New York

Ten Young Artists: Theodoron Awards 1971

The Theodoron Award are purchase awards (now in their second year) made to young artists on the advice of a committee of the Guggenheim curators. Since all of the artists in the present exhibition were born in the decade of the 1940s and many are just out of art school, the likelihood of their striking new notes—granting the modernist idiom that they choose to work in to begin with—is unlikely. They begin where all contemporary artists of interest begin, in the inherited syntax of the immediately preceding vanguard. This includes, for example, color abstraction, post-Minimalism, and reductivist modes. To these well-occupied options the ten young artists in question—Power Boothe, Ron Cooper, Billy Bryant Copley, Mary Corse, Guy Dill, Andrew Gerndt, Harriet Korman, Dona Nelson, Michael Singer, and George Trakas—range from a perfunctorily academic examination, especially among the painters, to suggestions of unique individuality.

Naturally on such occasions, if this review is ever to prove interesting, its interest will only become apparent in the future when the reputations of the artists in question will have been made or spent: five years—possible apogee, ten years—possible neglect, twenty years—possible resuscitation. Frankly, my immediate overall impression was that the exhibition was weak and studentlike.

Andrew Gerndt strikes me as a noteworthy talent if only for the intractable obsessiveness of his monochromism, which postulates as well an infinity of smaller lateral squares. And Mary Corse has understood, in a way all too Jo Baer-like, that the real problem of modernist painting is not at the location of the center but in what to do with the corners. George Trakas is an arresting sculptor although I find his aggressiveness somewhat decorative. Oddly, the Last Whole Earth Catalog feel of his carpentered assemblages seems very much in the debt of Rauschenberg’s combine paintings of the late 1950s. But my reservations pale in the face of his obvious ambitiousness. Michael Singer is intriguing although his attachments to Andre, Serra, and Morris, come too quickly to mind.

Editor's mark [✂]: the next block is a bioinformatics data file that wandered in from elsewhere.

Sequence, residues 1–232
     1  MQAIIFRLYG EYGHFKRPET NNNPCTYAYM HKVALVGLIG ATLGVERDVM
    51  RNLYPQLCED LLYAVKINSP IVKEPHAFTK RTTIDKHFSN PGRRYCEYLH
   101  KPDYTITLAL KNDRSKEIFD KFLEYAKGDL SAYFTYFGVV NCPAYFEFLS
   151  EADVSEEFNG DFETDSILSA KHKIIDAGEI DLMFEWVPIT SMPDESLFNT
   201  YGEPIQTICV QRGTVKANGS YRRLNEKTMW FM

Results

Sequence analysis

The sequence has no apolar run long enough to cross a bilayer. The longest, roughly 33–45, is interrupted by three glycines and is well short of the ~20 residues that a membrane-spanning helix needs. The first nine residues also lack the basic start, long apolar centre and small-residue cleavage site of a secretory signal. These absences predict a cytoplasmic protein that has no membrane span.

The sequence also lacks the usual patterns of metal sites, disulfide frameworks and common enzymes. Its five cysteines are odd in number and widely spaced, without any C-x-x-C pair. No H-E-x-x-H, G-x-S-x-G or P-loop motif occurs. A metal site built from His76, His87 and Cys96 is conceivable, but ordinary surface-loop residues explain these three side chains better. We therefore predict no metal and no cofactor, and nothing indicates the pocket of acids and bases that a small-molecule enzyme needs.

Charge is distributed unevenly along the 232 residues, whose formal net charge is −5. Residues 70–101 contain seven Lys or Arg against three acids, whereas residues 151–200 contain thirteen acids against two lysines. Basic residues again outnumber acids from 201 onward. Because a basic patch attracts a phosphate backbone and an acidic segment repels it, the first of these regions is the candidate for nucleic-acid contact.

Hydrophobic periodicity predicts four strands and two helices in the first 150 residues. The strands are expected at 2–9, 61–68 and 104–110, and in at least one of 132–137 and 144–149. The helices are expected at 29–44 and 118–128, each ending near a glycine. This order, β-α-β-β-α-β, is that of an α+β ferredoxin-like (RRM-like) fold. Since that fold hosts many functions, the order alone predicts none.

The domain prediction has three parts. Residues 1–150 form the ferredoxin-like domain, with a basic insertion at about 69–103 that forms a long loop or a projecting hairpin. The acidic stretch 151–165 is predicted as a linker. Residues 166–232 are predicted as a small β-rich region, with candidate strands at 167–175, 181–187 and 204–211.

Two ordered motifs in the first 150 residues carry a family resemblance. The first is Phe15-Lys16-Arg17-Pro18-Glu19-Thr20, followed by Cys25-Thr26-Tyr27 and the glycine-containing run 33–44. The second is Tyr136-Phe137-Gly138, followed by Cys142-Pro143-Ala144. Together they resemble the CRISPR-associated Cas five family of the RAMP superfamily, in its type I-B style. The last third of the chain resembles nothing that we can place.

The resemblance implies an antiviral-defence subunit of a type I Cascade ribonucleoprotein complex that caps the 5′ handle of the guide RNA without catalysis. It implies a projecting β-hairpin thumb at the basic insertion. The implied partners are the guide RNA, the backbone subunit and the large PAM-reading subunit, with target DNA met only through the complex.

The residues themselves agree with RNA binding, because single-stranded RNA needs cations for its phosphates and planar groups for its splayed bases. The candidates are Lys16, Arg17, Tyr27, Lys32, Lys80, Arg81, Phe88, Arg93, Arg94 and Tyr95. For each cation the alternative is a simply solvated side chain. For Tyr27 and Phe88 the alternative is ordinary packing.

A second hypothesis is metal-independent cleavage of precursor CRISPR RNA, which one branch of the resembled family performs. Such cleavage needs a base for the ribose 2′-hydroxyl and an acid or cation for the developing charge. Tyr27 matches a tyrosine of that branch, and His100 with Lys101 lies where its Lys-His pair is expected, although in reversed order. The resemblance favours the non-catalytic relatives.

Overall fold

My preferred work is an untitled wooden series by Guy Dill, in which seventeen units were supported laterally by ropes binding them to the wall. Unlike Singer, with whom Dill’s work shares affiliation, Dill has avoided the balancing-act-fundamentalism of Serra, while retaining a refreshed vision of the potentials of Brancusi whose lessons were also essential in the development of Serra and Andre.

Robert Pincus-Witten